By Michael E. Miller
By Ryan Yousefi
By Kyle Munzenrieder
By Sabrina Rodriguez
By Michael E. Miller
By Carlos Suarez De Jesus
By Luther Campbell
By Kyle Munzenrieder
Eighty-one-year-old Placido Diaz Millo lives with his wife Yolanda and a hyperactive terrier named Pinky in a comfortable South Miami home that smells of delicious chicken broth. He loves offering guests anything — café, Coke, jugo, crackers — because for once in his life, he can.
Placido spent 27 years as a political prisoner in rancid prisons throughout Cuba. Father and son can count on one set of stubby fingers the number of times they saw each other during that span. But today, in their own quiet way, they understand each other better than anyone else. "Everybody in Cuba has to live a double life," Placido explains when asked if he felt betrayed by Nelson calling Castro's béisbol as he floundered in prison. "He never denied me. He was always proud to have a political prisoner for a father."
Police officers took naval officer Placido on Nelson's eighth birthday — August 29, 1962 — after an evening his son had spent watching American flicks on a cineplex screen in the Vedado district of Havana. Nelson says he doesn't remember much about the raid, just being awakened in the middle of the night along with 4-year-old Barbara, and the olive-colored uniforms of cops with guns at their waists.
It was the job of Nelson and Barbara's tough-as-nails mother, Nieves Blanco — "Snow White" in Spanish — to explain: Dad had plotted against Fidel Castro. Now he might never come back.
Nelson, an aspiring catcher who was named for Cuban baseball moonlighter Rocky Nelson, suddenly found himself thrust into his father's shoes. The family fled the turmoil of Havana to the smaller town of Güira de Melena. "He was very strong," Barbara says. "It was just the three of us for all those years."
But as Nelson hit his teens, his prospects as a player faded, and it became clear he wouldn't survive on brains alone. "He wasn't very smart," Barbara allows with a chuckle. He's "medio bruto" — halfway stupid — she says.
So it was provident that Nelson discovered umpiring in his 20s. He enrolled in the 45-day course at Escuela Rafael De La Paz, the arbitros' academy named for a Cuban pioneer of the trade. Nelson, it turned out, had the build (foreboding) and the brain (clear of distractions) of a born ump. He was the on-field cop, enforcing not the whims of a despot but the just mores of the weathered rule book in his back pocket. To Nelson, who missed his dad's revolutionary genes, baseball was an escape from the high-tension nerves and fraught decisions of life in Cuba.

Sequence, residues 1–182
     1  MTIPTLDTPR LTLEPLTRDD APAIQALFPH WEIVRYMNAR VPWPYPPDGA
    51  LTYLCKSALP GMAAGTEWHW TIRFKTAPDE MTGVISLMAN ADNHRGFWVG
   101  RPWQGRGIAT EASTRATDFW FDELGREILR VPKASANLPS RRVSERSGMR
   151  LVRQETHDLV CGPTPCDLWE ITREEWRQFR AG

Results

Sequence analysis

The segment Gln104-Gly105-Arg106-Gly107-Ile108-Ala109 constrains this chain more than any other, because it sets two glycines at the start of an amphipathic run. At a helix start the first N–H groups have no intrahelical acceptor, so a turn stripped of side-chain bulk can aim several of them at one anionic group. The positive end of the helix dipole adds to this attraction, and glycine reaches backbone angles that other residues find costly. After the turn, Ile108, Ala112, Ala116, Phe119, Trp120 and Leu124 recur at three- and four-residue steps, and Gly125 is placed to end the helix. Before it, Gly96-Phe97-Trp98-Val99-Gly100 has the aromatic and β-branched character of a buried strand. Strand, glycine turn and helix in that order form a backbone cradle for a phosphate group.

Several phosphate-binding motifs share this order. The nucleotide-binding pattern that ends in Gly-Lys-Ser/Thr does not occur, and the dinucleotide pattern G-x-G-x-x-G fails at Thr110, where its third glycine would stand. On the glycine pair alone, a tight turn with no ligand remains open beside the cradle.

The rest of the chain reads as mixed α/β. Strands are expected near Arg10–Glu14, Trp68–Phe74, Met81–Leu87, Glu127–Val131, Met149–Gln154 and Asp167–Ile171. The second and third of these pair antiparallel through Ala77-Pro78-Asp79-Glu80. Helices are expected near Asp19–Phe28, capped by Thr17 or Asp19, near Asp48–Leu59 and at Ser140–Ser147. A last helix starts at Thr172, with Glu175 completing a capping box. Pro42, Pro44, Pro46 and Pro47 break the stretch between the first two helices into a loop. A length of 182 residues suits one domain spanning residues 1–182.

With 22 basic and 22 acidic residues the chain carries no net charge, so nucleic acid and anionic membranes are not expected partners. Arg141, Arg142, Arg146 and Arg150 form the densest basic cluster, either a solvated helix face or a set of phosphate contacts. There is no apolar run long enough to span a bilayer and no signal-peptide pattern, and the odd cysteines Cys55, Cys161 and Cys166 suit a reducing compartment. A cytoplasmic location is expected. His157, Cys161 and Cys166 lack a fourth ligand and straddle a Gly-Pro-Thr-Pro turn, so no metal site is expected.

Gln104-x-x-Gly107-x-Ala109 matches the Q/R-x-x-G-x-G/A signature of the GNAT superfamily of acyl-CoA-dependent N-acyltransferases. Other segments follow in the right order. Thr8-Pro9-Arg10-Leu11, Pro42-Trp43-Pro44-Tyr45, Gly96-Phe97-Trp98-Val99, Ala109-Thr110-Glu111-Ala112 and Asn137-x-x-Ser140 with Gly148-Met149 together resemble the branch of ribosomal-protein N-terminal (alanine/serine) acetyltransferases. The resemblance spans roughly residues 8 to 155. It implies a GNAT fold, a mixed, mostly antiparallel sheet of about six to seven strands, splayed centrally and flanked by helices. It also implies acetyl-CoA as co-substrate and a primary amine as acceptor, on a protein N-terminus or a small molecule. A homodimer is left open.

Even as Nelson started his own family, having two sons with a former phys-ed student named Odali, Placido remained in prison. He refused to submit to a criminal's uniform, for decades wearing only loincloths made of torn bedsheets, and so was denied visits. And he spat on the carrot of "political rehabilitation" — the acceptance of Communism — that would have set him free, even as his wife begged him to comply. After one final ultimatum, Nieves Blanco separated from Placido and remarried. Placido later married Yolanda, a cellmate's sister.
In May 1988, the stubborn plantado was freed through an international agreement and shipped to Miami for refuge. Virtually all of Nelson's relatives — his mother, sister, sons, grandparents, cousins, and, eventually, grandchildren — ended up in the United States.
But Nelson remained a rock in the tide. He started another family, marrying Maritza, the daughter of a cigar roller, and having two girls, Islen and Yaritza.
He was a monk of baseball, worshipping the craft of umpiring and his own stature within it. He was paid 38 pesos, or $1.35, a game but experienced a phenomenon mythical to most Cubans: travel. He worked tournaments throughout Latin America, the United States, China, Australia, and Japan.
He wasn't about to jeopardize it all. "I had the ability to travel in and out of the country," he says. "I had a car and a house. I was comfortable. I had it made."
Placido understands why his son always refused to join him in libertad. "We're the same," he says. "I decided to stand by my politics no matter what happened. He stood by baseball."
Crammed into the back of a Toyota coupe, alongside his Cuba Olympics travel bag full of umpiring gear, Nelson has no idea where he's headed. "We're going far, huh?" he observes at one point.
We're going to Fort Lauderdale, he's told, but Nelson hasn't heard of it.
It's been a familiar feeling since he came to Miami. Friends set up games for him and give him rides or very detailed directions to the field; he shows up, umpires, collects a check, and heads straight home.
With a thinly veiled motive, New Times offered to drive Nelson to his cover photo shoot. A reporter drives, a translator rides shotgun, and he's stuck in the back, forced to answer questions — to finally cough up the truth. There's no way he can be so doggedly Zen, no way he can have no real opinion on Fidel, no way he can be so emotionally indifferent in a life marked by tragedy, loss, and dilemma.